Chancellor Gordon Brown could use this month’s Budget to introduce a package of tax breaks and spending rises, according to some of his closest allies.
In what will be the last Budget before a general election, former chief economic adviser to the Treasury, Ed Balls, told the Financial Times that Brown will meet his fiscal rules ‘with a margin to spare’, leaving the chancellor with leeway to cut taxes and increase public spending.
The comments follow a recent Mori poll that showed the public has more confidence in Brown’s handling of the economy for three years.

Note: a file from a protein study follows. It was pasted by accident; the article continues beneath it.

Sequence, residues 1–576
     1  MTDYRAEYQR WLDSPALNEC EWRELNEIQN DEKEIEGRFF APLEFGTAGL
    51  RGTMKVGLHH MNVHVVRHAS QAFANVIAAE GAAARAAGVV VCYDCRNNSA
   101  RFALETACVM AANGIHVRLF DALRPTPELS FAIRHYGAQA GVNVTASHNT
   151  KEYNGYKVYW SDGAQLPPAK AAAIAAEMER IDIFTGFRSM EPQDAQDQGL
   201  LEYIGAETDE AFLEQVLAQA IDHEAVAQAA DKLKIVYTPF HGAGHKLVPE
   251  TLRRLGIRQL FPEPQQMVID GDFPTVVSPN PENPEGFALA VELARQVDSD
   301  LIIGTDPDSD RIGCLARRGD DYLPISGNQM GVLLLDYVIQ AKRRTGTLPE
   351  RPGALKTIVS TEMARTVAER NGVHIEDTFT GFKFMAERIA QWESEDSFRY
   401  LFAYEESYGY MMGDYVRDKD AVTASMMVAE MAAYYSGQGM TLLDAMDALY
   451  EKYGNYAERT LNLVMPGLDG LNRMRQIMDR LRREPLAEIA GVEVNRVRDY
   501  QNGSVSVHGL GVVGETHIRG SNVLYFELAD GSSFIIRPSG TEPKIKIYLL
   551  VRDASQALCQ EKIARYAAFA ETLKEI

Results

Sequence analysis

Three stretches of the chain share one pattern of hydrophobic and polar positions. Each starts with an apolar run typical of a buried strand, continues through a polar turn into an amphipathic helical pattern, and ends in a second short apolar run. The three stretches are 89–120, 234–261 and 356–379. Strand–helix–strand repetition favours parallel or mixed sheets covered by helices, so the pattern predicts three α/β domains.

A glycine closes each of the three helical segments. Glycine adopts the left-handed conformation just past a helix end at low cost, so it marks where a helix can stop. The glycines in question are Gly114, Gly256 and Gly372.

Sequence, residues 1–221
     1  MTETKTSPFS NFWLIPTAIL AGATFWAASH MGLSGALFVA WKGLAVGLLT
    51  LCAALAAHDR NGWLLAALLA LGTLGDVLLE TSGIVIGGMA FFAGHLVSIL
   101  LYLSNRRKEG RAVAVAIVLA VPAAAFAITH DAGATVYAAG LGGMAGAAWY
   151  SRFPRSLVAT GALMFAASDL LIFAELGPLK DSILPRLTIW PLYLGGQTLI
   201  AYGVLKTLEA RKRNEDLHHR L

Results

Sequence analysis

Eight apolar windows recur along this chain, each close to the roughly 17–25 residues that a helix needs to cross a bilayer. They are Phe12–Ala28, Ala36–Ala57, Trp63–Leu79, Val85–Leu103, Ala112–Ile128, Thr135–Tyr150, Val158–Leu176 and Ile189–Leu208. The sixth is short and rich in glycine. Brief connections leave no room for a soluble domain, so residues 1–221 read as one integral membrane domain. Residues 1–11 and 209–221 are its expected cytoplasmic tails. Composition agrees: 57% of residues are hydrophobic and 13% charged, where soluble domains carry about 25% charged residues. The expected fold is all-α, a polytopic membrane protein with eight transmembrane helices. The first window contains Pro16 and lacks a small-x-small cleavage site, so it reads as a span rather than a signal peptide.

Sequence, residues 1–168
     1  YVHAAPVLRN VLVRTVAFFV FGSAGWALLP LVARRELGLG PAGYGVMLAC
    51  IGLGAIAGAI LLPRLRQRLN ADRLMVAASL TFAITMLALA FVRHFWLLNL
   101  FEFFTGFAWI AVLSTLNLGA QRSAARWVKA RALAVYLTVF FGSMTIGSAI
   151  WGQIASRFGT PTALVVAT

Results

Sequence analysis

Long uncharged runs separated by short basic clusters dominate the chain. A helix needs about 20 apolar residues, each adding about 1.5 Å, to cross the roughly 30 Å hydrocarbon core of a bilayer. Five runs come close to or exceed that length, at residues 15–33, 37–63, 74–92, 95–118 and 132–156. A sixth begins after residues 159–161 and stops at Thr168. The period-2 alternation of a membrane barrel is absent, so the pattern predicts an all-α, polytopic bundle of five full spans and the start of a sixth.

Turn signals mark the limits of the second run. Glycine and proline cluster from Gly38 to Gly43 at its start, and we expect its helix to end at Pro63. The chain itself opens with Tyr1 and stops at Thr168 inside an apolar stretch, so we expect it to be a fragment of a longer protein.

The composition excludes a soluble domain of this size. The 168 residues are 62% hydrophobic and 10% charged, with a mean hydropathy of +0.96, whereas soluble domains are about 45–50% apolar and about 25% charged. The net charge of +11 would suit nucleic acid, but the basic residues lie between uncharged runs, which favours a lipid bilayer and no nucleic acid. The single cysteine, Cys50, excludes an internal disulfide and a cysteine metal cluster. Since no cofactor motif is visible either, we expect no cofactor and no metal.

The poll found that 43% agreed that in the long term, the government’s policies will improve the state of Britain’s economy. The same number disagreed, but it is the first time that the response has moved out of negative territory since May 2002.
Does Darwin's theory apply to taxation? Colin ponders...
The EC has been instructed to draft a European Union (EU) directive authorising an EU financial transaction tax, which would apply to ten of the EU’s 28 member states
Accountancy watchdog the FRC has dropped its investigation into the former chief financial officer of Tesco, nearly two years after the supermarket was engulfed in an accounting scandal
Colin imagines how Apple's logo might change in the wake of the EC's ruling over its Irish tax arrangements